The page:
The Story of Marble, Part 4: Presidential Visits
Excitement filled the Marble Valley in August 1891. The President of the United States was coming to visit the little village of Proctor. President Benjamin Harrison was a personal friend of Redfield Proctor, who served as Secretary of War during Harrison's administration. His 1891 trip to Vermont holds the record as the most extensive visit any president has made to the state.
Earlier in the day, President Harrison stopped in Rutland, which was beautifully decorated in honor of his visit. His speech to the public dealt with Vermont's role in the Civil War and the struggles the war caused for this country.
The town of Proctor was urged to give a "genuine Vermont welcome" to the President. A handbill advertisement invited everyone in town to welcome President Harrison with a torchlight parade, beginning at the Vermont Marble Company offices at 7:30 in the evening. Townspeople were asked to "illuminate their residences and make the town as attractive as possible" for the President and his entourage.
In his book "Proctor: The Story of a Marble Town" David Gale described the festivities, recounting part of a Rutland Herald story of the celebration.
"Early in the evening the houses of Secretary Proctor (Secretary of War in Harrison's Cabinet) and the offices of the Company were lighted up. Then colored lights began to show on the piazzas and to fringe the edges of the road. They came from Chinese lanterns hung at brief intervals. Before the blackness of the night had come on, the little village was in colored lights, while from an arch in front of Secretary Proctor's house, the word 'WELCOME' gleamed in letters of fire. At 8 o'clock a procession started from the Company's store. It was headed by the Proctor band. The line of march was through the town whose streets wind around the village of the hills in which Proctor was built. The village people to the number of nearly a thousand had gathered on the lawn of Mr. Proctor's house and in the roadway before it.
"As the torchlight procession approached the Proctor mansion, a great flame leaped up from the top of the mountain, more than a mile away. In answer, signal fires flamed from a dozen hilltops all around, while through the village columns of fire from great torches of pitch and shavings made the cloud-hung heaven red with their glare. From the hills to the left, rockets and bombs were set up. Across the valley was stretched a half a mile of Chinese lanterns. It was five minutes of nine when the head of the procession reached Secretary Proctor's house."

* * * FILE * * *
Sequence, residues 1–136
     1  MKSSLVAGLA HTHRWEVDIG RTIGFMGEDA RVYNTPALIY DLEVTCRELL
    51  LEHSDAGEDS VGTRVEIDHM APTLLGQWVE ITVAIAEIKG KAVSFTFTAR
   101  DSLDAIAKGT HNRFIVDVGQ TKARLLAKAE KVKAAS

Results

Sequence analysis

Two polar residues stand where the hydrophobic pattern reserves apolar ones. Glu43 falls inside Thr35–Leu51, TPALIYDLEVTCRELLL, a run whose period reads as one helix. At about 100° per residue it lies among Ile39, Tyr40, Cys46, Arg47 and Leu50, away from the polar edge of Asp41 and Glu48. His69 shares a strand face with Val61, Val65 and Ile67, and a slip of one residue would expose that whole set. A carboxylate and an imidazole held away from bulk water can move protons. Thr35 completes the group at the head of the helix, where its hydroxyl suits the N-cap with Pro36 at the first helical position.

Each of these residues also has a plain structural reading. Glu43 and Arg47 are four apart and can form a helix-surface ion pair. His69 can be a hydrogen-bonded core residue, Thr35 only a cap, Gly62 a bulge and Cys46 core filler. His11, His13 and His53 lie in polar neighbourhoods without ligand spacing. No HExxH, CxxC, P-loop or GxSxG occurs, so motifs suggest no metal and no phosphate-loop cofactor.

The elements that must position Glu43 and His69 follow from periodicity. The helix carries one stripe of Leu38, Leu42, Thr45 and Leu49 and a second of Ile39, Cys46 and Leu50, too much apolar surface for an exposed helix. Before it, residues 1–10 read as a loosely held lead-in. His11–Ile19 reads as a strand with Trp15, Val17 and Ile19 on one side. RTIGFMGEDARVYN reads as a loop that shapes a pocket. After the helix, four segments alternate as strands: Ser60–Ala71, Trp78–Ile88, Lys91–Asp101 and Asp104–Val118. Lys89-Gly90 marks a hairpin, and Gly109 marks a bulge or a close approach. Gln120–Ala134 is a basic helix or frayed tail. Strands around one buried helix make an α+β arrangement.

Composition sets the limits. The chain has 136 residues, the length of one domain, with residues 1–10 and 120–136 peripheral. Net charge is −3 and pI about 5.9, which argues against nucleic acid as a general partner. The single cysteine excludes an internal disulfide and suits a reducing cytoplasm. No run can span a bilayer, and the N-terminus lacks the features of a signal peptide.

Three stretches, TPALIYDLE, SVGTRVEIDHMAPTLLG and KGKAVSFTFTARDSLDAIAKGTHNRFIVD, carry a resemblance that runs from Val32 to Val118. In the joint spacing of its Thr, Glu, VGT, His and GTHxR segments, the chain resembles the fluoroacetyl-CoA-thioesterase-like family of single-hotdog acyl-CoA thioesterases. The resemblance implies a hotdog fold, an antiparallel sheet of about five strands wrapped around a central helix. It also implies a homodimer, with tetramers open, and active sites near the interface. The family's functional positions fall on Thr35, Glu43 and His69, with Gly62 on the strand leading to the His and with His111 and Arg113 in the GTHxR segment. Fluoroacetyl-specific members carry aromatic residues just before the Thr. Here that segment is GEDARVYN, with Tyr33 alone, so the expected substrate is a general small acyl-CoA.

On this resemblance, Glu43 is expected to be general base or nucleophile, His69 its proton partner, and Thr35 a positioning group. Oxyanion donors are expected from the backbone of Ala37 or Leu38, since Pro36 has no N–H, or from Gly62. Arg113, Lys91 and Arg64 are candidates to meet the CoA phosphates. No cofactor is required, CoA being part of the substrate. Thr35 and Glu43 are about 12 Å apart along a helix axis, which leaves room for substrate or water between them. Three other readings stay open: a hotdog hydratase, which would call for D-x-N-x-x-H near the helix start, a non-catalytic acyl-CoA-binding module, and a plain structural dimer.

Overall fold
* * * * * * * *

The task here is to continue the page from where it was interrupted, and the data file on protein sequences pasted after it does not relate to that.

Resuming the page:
Harrison spoke to the citizens of Proctor, saying, "I shall carry this community in my thoughts as one of the best of American life. I have found him (Secretary Proctor) a most valuable contribution to the administration of the Government. You cannot know fully how he has grown into the respect and confidence of all who have been associated with him in the Cabinet, and of all our legislators in Congress without distinction of party. I regret there is some danger that you may reclaim him for Vermont. Yet it is quite natural that it should be so, and I shall do the best I can to find a substitute."
Harrison's words hinted to a change in his administration. Proctor left the War Department that November to become a United States Senator, filling a vacancy caused by the resignation of George F. Edmunds. He was re-elected to the Senate in 1892, 1898 and 1904, serving from November 2, 1891, until his death in 1908.
The presidential parade of visits continued. In August 1897, Proctor hosted President William McKinley overnight in his home. Again, over one thousand people were on hand to welcome the President, Mrs. McKinley, and General Alger, Secretary of War. Gale quoted the Rutland Herald as saying:
"All Proctor and the children were there; four hundred of Rutland's citizens were there; the Proctor Brass Band was there. The eye and the ear and the imagination had enough to feed on last night. About the Senator's house, there is a formidable barricade of shrubbery. Last night an artist had hung in this choice vegetation a profusion of incandescent lights—red, white, and blue. Dark hedges were transformed into intricate brackets for brilliant color effects. Handsome trees were articulated in electric rays. A fountain had no end of sport playing with nearly every color of the rainbow. The American flag, attached to a pole surmounted by a circle of electric lights, posed in patriotic attitude in the still night air, and every arch, cornice and line of the house was so accentuated by electricity that the moon overhead seemed to shed a dim apology for living. To add to the festive occasion the Proctor Band was on hand to play operatic and patriotic selections."
Five years later, the town entertained yet another president.
On September 1, 1902, President Theodore Roosevelt arrived in Proctor on a special train. It was reported that he stayed from 11:50 am until 12:20 pm. He addressed the large crowd gathered before him from the piazza of Senator Proctor's home and departed to Rutland at 12:30 pm. In what was now a tradition, the Proctor Band greeted the President upon his arrival.
Since President Roosevelt's visit was short, the town's spruce-up efforts were considerably less. Gale quotes an article from the New York Commercial, which playfully mocked the town's preparations:
"One end of the covered bridge—the only one the President was to see—was given a whitewash bath; the railway station was painted for the first time since its roof was raised, with freshly washed windows bidding further defiance to a fixed policy; and also a special hemlock hedge was imported overnight to hide an ugly fence along the line of parade.
However, these small jokes did not detract from the renown that Proctor has earned as an entertainer of Presidents.